American Psychological Association (APA) journals do not publish raw data, hence data are effectively inaccessible. I propose that authors of research papers should transfer their data to an Internet site so it can be accessed over Internet by anonymous ftp. I suggest that such data archiving would (1) make fraud easier to detect, (2) encourage scientific criticism and (3) aid the scientific process in general. Nor should it be difficult to implement.
2.1 Here follows a case for the ftp archiving of data published in APA (American Psychological Association) journals. I raise a few objections and last consider how it might be implemented. Note that when I refer to ftp this also applies to other forms of electronic data transfer.
3.1 First, electronic data archiving should be easy to implement and will become increasingly so. Most researchers now (unlike, say, even two years ago) would have little trouble archiving their data upon publication. Most Results sections are based upon computer analyzed ASCII data files (usually by a statistical package such as SPSS or BMDP). Most researchers should have their raw data stored in a form (i.e. file and subdirectory names) which makes it easy for other researchers to use. The commands and procedures for transferring it to a central data archive will be familiar to most psychologists (if not, most departments have people who will help). Of course, all the details about the research will be contained in the published paper, so these need not be stored. Indeed, the names of journals, their volume and issue numbers, make a convenient directory and subdirectory structure for organising the archive. There is something self evident about what data are contained in /JEPHPP/18/1/SMITH/EXP1. And just as it is easy to MSEND data to an archive so it is easy to MGET them for reanalysis.
3.2.1 Second, the scientific ethic is to make error correction as easy as possible. Scientists are not always entirely competent or honest. Numerous cases of fraud and intellectual dishonesty have occurred in psychology (as elsewhere in science). Researchers are subject to enormous pressures to publish but unfortunately this normally requires positive findings. This puts pressure on researchers to rerun analyses (changing criteria for categorising data, excluding subjects, treating missing data, etc.) when only negative findings turn up. It is not clear how many researchers resist these pressures on the integrity of data analysis. At present, it is difficult to check. In a recent case reported in Science, two psychologists were only able to check the data analysis of another psychologist through the intervention of lawyers (Palca 1991).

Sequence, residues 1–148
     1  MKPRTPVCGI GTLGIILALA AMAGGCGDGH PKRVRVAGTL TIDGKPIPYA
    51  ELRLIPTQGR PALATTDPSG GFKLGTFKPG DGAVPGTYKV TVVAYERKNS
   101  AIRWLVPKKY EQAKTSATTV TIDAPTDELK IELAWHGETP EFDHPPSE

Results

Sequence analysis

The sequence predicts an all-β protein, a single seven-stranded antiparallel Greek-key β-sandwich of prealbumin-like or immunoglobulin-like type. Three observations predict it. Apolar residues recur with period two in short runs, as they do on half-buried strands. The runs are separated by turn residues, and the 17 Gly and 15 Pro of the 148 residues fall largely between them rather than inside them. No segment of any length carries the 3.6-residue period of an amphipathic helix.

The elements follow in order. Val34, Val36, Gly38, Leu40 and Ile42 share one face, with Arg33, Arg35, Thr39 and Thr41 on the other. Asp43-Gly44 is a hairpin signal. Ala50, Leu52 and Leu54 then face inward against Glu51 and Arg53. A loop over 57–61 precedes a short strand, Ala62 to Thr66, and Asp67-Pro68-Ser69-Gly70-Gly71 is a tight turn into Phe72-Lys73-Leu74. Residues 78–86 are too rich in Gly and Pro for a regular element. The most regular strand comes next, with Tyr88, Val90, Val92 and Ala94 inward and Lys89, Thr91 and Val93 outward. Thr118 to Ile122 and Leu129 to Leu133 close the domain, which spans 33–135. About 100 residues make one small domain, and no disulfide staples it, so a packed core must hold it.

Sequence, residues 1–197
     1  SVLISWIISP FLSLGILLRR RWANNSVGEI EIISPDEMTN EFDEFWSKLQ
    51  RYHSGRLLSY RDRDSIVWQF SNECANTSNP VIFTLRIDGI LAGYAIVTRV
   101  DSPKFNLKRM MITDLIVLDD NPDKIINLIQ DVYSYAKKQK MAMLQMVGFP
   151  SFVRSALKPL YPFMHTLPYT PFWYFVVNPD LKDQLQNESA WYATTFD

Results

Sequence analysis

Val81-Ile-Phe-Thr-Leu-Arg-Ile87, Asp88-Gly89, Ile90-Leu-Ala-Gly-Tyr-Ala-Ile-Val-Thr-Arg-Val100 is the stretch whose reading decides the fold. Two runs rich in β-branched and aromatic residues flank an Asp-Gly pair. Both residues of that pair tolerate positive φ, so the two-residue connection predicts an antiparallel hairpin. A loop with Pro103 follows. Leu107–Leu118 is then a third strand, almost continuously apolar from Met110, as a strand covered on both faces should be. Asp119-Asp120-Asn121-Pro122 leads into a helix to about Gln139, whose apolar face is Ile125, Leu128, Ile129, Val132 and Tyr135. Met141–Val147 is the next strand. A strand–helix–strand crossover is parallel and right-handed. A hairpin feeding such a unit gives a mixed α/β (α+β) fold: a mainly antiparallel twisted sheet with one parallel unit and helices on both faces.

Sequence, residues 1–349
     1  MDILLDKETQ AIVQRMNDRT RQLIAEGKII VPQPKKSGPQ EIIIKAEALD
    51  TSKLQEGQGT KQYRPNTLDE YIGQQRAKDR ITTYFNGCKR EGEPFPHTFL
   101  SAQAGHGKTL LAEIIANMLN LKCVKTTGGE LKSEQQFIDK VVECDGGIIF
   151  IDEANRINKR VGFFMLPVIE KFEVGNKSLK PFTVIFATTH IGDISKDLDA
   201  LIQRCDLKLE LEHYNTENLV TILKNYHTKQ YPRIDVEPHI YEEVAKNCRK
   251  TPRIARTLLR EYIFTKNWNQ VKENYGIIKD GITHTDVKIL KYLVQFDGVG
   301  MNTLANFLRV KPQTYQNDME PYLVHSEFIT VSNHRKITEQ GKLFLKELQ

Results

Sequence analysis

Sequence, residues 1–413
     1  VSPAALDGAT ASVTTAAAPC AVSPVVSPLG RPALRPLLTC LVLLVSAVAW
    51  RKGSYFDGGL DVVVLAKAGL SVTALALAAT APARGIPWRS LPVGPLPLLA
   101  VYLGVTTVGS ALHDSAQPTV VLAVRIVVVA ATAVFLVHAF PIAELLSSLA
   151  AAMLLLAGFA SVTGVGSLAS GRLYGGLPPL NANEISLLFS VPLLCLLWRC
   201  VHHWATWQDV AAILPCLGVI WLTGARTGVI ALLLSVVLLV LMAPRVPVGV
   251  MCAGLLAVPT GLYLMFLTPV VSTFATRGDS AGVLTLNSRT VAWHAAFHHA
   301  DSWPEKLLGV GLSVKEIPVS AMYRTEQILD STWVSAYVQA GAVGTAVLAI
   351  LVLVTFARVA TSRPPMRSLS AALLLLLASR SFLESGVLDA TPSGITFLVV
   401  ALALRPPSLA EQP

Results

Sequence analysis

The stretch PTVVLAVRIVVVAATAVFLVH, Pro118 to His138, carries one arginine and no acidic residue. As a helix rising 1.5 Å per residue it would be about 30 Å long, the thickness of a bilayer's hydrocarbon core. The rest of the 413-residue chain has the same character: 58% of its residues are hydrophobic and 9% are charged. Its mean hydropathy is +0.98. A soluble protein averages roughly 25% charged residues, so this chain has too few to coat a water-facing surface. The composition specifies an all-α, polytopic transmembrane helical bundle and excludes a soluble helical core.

3.2.2 There is public disquiet in the US Congress (notably, on the part of Congressman John Dingell) concerning fraud and intellectual dishonesty in science. Research on published fraudulent papers has revealed many defects (Stewart & Feder 1987). It is likely that any archived data would contain even more accessible and noticeable defects (in their data distributions, treatment and analysis). Archiving data would thus make it easier to detect both fraud and intellectual dishonesty.
3.3 Third, much honestly obtained and analyzed data is incompetently handled, yut many legitimate criticisms never arise because of difficulties accessing data. At present, if you suspect that a researcher's own analysis gives only part of the story or is misleading, you face an involved process of contacting them for the original data (something inconvenient to all concerned). Archiving data would increase the opportunities for legitimate criticism of published work.
3.4 Fourth, researchers ask different questions. Sometimes a researcher may wish to reanalyse data to answer questions the original authors ignored. People carrying out meta-analyses will often want to check the quality of the work they are using. At present this is not possible.
3.5 Fifth, students could gain much by examining real research papers and then "playing around" with their data, seeing the affects of different data-analytic strategies. They might even even find things overlooked by their authors.